Montreal’s Surprise Whale Visitor Has Died

By Ben Hamill - June 11 2020
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Montreal’s Surprise Whale Visitor Has Died

Montreal’s Surprise Whale Visitor Has Died

The 9.5-metre-long humpback whale that had managed to captivate the curiosity and attention of folks living in the Montreal area in recent weeks, is reportedly suspected to have died. This according to local whale conservationist and research group, The Group for Research and Education on Marine Mammals.

According to information provided by group spokesperson Marie-Eve Muller, a local boat had on Tuesday morning spotted the carcass of a whale in the water just off Varennes – and about 30 kilometres to the northeast side of the Quebec City. Muller said that the group isn’t yet able to say whether the whale spotted by the boat is indeed the same humpback whale previously spotted by Montreal residents, but that due to the rare occurrence of a humpback whale having made its way all the way up the St. Lawrence River, it most likely is. The cause of death has not been established either and could have involved anything from being hit by a boat to having suffered from any variety of pre-existing illness.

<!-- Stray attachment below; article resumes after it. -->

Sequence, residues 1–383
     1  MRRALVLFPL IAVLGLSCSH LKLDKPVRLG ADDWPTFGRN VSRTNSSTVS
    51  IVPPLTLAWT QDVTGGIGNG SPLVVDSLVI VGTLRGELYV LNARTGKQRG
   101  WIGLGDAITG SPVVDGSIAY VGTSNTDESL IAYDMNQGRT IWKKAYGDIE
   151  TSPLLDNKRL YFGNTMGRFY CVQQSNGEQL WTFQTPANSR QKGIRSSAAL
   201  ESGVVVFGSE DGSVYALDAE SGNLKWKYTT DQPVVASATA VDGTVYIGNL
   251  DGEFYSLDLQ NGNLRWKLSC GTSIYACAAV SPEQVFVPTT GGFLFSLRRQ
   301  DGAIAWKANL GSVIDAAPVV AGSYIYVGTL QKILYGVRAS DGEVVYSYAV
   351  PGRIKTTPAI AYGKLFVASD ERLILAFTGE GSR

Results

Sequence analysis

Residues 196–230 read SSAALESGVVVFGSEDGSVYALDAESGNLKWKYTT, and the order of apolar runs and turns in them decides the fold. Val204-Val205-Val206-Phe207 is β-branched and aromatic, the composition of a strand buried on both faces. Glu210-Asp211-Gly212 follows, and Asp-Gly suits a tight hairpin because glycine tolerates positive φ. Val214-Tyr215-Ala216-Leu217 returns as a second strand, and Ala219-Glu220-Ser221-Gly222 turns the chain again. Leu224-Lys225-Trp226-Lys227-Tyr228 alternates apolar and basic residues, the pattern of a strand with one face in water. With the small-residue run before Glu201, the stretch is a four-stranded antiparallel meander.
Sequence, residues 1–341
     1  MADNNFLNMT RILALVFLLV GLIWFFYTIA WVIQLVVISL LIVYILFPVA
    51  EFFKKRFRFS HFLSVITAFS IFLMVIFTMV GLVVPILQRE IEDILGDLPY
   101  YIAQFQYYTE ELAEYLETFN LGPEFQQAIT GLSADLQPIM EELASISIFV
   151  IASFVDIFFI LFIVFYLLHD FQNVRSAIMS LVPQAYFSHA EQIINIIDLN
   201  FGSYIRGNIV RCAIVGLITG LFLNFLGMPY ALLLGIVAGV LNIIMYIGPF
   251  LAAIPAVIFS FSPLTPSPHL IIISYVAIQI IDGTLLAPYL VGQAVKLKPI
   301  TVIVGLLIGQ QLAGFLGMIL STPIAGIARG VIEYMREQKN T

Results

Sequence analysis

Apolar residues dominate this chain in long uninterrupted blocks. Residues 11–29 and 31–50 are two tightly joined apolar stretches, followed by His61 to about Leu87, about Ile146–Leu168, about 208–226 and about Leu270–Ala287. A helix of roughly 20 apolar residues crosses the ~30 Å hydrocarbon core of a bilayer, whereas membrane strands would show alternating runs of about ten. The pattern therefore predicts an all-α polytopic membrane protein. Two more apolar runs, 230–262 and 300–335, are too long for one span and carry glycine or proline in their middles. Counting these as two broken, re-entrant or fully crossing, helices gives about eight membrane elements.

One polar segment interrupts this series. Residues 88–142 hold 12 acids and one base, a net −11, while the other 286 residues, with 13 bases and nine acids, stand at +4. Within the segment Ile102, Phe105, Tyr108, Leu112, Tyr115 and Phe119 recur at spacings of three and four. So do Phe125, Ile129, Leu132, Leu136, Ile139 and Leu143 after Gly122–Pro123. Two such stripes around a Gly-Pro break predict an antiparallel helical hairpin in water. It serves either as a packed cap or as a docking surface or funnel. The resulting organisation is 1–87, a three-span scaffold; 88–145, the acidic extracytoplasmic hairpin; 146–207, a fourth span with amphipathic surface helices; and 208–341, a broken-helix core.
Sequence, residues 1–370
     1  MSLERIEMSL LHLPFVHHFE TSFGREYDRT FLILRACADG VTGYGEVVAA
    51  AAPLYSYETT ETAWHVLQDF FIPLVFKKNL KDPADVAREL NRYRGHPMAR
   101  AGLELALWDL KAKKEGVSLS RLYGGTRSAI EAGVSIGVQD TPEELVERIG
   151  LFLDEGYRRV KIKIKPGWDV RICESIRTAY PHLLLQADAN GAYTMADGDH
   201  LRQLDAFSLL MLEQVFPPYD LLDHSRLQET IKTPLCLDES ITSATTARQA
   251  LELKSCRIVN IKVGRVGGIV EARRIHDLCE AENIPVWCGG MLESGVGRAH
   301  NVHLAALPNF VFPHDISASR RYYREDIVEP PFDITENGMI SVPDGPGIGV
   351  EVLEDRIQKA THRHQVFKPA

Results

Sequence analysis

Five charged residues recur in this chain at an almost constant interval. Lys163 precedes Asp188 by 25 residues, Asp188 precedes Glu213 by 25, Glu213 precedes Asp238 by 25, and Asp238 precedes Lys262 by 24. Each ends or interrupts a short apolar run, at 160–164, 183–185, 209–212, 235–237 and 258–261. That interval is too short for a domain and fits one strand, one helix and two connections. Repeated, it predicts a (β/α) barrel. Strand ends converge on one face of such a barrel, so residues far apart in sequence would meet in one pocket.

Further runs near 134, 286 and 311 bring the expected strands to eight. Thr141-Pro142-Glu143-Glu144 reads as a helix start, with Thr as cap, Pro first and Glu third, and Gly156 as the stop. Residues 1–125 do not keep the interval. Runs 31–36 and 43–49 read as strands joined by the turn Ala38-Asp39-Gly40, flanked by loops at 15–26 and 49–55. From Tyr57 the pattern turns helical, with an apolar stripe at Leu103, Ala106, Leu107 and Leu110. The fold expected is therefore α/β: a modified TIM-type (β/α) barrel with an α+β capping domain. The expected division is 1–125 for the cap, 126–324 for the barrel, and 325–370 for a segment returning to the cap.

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An Unlikely Appearance

The whale did however seem in perfect energy when it was initially spotted by Montreal crowds, and is thought to have been around two or three years of age when it died – if indeed the creature spotted is the same creature now confirmed dead.

According to Muller, the humpback spotted in Montreal was the first whale of its species to have been confirmed seen in the vicinity of the city. The unusual up-river journey could have been prompted by any number of factors, including following prey or even a trip embarked on out of pure curiosity. Even though highly unlikely, the possibility does exist that the creature could merely have become lost. There are currently more questions than answers, explained Muller.

Far Away From Home

The carcass of the whale spotted by the boat will next be towed to shore in order for a necropsy to be performed. This is according to Muller necessary not only for research and scientific value, but also in order to prevent the carcass becoming a public health risk due to either the smell of decay or large crowds gathering in order to catch a glimpse of the mighty creature.

Experts are reportedly currently still in the process of trying to figure out how to best go about towing the carcass of the whale to shore. The humpback whale was at the time of it having been spotted in Montreal’s waters, several hundred kilometres upstream from its natural habitat.

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